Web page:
New credit card technology is coming that will increase security and decrease the likelihood of theft. But you're still going to be asked to sign a receipt every once in a while.
By October 1, 2015, credit card transactions in the United States are going to require technology that has been in use elsewhere for years: a chip built into the card, promising better security against fraud. The old way, swiping a card with a magnetic stripe through a machine, will be phased out. And it will probably happen quickly; after October, retailers using the old swipe terminals will be liable for fraudulent purchases.
US credit card companies say it's about time, even though they've been among the most reluctant to adopt it.
"The chip by itself will dramatically reduce counterfeit fraud, which is the most predominant fraud type today," said Oliver Manahan, MasterCard's vice president of emerging payments.
It's been a long slog to get here, and the US is the last of the G20 countries to adopt the chip-equipped cards.
There are many reasons why. Credit card companies have been reluctant to adopt them because the cards are more expensive to produce, retailers have been reluctant because payment terminals are costly to upgrade, and the US credit card system is complex. In addition to retailers who want easy transactions and financial institutions that want secure transactions, Visa and MasterCard sit between banks and retailers as the nation's major credit card processors.
As the US has lagged behind in adoption of chipped cards, fraud has risen. Magnetic stripe cards, which have been in use throughout the US since the 1970s, are far easier to clone than chipped cards. In all, $6 billion was lost to credit card fraud in the US in 2013, up from around $4.5 billion in 2011, according to a report from industry research firm Aite Group.
The type of fraud that the financial industry is most concerned about is counterfeit card fraud, said Kim Lawrence, a senior vice president at Visa who specializes in the adoption of chipped cards. She blamed major hacks like those at Target and other retailers in which personal data including credit card numbers of tens of millions and sometimes hundreds of millions of customers have been stolen.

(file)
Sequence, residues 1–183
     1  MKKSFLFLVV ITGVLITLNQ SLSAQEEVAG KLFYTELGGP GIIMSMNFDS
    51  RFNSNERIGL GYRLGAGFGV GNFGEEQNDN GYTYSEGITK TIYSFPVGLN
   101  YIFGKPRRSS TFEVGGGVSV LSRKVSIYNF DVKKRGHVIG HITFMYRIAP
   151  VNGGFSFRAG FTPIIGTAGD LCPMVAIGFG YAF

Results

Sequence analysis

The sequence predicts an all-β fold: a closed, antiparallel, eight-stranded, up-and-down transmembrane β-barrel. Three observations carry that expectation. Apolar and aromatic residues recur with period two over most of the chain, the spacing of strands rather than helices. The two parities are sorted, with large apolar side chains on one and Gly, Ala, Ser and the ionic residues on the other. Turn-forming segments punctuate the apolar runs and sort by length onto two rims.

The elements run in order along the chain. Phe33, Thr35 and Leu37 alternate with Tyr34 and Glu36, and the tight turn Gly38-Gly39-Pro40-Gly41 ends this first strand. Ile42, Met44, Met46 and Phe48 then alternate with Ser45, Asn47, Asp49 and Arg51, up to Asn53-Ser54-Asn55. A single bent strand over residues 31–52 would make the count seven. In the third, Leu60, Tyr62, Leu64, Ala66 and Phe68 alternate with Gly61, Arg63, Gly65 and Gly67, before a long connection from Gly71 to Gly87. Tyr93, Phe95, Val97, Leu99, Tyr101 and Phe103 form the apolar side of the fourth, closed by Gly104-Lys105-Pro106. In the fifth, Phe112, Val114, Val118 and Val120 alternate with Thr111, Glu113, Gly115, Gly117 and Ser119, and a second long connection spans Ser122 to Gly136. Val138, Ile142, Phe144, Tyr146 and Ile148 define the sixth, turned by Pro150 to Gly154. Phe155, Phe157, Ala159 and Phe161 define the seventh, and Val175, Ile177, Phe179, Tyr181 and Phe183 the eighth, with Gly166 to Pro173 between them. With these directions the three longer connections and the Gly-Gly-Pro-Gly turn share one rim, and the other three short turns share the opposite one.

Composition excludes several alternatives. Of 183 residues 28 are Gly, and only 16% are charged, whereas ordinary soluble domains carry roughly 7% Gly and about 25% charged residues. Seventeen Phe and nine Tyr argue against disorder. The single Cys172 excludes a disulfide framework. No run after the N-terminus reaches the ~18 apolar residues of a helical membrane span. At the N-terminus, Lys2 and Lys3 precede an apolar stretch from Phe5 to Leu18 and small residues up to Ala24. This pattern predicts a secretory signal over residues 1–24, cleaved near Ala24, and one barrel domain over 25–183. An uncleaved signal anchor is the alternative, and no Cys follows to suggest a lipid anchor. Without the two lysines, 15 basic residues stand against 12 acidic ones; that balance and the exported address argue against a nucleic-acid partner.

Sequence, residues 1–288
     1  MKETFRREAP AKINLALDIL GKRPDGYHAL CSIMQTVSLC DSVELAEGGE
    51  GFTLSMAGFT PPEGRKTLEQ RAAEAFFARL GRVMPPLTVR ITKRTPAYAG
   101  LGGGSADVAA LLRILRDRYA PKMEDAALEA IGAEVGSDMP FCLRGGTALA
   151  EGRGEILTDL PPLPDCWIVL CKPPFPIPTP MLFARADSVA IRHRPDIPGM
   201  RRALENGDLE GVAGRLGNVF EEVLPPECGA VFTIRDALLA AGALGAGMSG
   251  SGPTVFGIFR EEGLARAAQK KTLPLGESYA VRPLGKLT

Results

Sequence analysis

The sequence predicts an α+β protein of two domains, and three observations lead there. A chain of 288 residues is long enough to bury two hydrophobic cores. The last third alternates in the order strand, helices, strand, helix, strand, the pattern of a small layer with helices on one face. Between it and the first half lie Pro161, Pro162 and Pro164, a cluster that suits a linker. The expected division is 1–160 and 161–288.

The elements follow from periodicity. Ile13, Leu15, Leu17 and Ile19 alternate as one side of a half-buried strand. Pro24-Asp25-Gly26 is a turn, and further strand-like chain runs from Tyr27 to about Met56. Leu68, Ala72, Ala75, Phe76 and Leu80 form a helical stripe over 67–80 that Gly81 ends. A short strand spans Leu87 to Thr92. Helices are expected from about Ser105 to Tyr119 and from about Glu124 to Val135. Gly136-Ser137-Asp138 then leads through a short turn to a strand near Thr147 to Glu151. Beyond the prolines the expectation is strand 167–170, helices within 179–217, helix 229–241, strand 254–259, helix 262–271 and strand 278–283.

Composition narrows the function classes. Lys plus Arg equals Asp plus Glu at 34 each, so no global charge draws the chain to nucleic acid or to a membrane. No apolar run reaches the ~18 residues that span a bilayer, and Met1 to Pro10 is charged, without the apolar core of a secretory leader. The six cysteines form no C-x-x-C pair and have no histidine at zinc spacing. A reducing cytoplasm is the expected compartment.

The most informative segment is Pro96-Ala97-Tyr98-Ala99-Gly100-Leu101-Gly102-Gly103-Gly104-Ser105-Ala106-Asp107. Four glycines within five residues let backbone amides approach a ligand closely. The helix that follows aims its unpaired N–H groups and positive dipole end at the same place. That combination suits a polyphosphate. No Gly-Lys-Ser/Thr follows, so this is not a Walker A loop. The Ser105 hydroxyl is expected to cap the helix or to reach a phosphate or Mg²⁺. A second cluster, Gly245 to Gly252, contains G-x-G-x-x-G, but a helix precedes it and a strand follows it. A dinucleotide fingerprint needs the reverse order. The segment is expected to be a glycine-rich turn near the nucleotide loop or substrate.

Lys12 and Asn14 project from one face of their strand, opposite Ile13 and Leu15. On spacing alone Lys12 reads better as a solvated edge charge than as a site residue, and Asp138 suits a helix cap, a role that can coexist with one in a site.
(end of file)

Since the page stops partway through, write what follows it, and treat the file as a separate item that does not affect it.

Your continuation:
The new system is far safer. The most commonly used type of chipped credit card is called EMV for the finance firms Europay, MasterCard and Visa, which developed the technology. These cards could cut some types of credit card fraud in half, industry experts say. Aite Group said in the United Kingdom counterfeit credit card fraud plummeted to $67 million in 2013 from $151 million in 2004, after it was an early adopter of chipped cards. Overall, fraud from lost and stolen credit cards there fell by a third during the same period.
The chipped cards can be used in two ways. One requires buyers to enter a passcode personal identification number, or PIN, after the chip has been read, effectively protecting them against both counterfeit cards and the use of lost and stolen cards. The other type of transaction reads the chip, but then asks for a signature, much like the outdated system of today but without the magnetic stripe. Square, whichfor its chipped-card readers for mobile devices, will be supporting the so-called "chip-and-signature" cards.
That's the system much of the US will switch to first, instead of the more secure passcode PIN.
Banking and independent analysts say that's good enough for now. Lawrence said the credit card companies don't want to change too many things at once, even if they admit it would be safer.
These new cards won't solve everything. The Internet makes it easy for criminals to use stolen credit card numbers without the physical card, rendering the chipped-card system no more secure than an old-fashioned swipe card. "We've seen criminals adjust tactics rapidly" in countries that use chipped cards, said Julie Conroy, the analyst at Aite Group who wrote the report.
So when can you expect to use a PIN instead of a signature to authorize your credit card transactions in the US? Conroy predicts it won't happen until 2018. Then, she said chip readers will be nearly ubiquitous and people should be more comfortable with the technology.
But it could happen sooner, she said. "If there is another watershed event such as the Target breach, and consumers start clamoring for the PIN, issuers will respond."